CARDIFF (REUTERS) - Resilient Wales withstood a second-half battering to blow the Six Nations wide open and end holders Ireland's grand slam hopes with a 23-16 victory on Saturday.
After an opening home defeat by England, Wales have hit back with three successive wins and by defeating previously undefeated Ireland they have a shot at the title heading into the final round next week.
Despite losing both props to injury in the first half, Wales wobbled but did not wilt in the face of fierce Irish pressure and even a late penalty try which set up a grandstand finale proved insufficient.
"An absolutely unbelievable effort," Sam Warburton, captaining Wales for a record 34th time, told the BBC.
"I couldn't have asked for any more. They just kept coming and coming at us. We had to keep our discipline."
A measure of Welsh resistance came in the match stats. Wales made 289 tackles, with Luke Charteris an eye-popping 37, compared to just 104 by Ireland.
Joe Schmidt's side enjoyed 64 percent possession and made 461 metres against 195 by Wales, who forced a key seven turnovers.
Ireland's first loss for over a year ended a run of 10 successive wins and they will reflect on a hesitant start.
Leigh Halfpenny took full advantage of early Irish indiscretions with four penalties inside 13 minutes.
His boot ultimately proved the difference on the scoreboard but it was heroic defence in the second half that carried the Welsh dragons home as Ireland charged at them time and time again.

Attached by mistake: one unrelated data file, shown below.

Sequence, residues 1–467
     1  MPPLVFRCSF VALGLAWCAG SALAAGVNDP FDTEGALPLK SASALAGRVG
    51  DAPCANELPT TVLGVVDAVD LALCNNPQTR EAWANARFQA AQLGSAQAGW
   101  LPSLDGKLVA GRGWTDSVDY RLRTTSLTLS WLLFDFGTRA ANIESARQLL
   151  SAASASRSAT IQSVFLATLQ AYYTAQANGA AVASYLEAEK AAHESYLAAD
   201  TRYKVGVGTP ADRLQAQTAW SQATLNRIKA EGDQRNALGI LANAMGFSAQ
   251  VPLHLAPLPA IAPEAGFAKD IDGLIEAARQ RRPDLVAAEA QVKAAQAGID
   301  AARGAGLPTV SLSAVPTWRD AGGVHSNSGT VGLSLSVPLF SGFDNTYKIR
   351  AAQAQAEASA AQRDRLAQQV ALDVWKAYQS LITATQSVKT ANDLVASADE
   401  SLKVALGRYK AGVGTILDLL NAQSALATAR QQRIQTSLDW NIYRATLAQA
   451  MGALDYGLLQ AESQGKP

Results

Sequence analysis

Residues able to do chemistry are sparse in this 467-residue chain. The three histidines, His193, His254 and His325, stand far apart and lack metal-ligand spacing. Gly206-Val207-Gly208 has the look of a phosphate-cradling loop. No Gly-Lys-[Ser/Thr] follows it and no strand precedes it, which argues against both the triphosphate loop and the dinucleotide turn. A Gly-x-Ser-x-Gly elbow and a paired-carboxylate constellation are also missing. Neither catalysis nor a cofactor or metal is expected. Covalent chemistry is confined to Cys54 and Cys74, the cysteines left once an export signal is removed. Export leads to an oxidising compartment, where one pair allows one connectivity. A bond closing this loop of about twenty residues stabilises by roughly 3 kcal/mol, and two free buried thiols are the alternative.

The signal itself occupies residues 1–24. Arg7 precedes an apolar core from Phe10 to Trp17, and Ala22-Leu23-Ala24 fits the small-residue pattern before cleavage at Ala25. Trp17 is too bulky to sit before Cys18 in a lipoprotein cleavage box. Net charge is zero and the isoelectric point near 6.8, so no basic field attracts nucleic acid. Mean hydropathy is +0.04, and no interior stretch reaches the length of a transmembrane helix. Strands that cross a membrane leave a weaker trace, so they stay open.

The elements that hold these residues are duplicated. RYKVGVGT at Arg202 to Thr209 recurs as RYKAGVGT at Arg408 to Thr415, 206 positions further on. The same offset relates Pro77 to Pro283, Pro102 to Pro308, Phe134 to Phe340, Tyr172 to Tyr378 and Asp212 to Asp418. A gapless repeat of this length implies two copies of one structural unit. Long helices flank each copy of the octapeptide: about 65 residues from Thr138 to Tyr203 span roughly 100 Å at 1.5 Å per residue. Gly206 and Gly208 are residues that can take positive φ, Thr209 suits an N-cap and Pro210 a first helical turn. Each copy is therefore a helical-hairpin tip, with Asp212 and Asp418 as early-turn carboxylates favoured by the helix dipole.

Ireland, with flyhalf Johnny Sexton a peripheral figure in the opening 40, fluffing one penalty and on another occasion kicking straight into touch to ironic cheers, laid siege to the Welsh line in the opening 20 minutes after the break.
Recycling the ball with precision and going through phase after phase, the Irish seemed set to break through but were thwarted every time they came near the line, Tommy Bowe denied just inches from a score.
Wales looked to have repelled all Ireland could throw at them when replacement centre Scott Williams burst through for the opening try to put Wales 11 points clear with 19 minutes left.
But Ireland, with captain Paul O'Connell winning his 100th test cap, hit back with a converted penalty try before Halfpenny's fifth penalty took Wales seven clear and they clung on grimly at the end.
The destiny of the title could now come down to points difference with Ireland and Wales having three wins from four games. England, who host Scotland later at Twickenham, could also move to six points with a victory.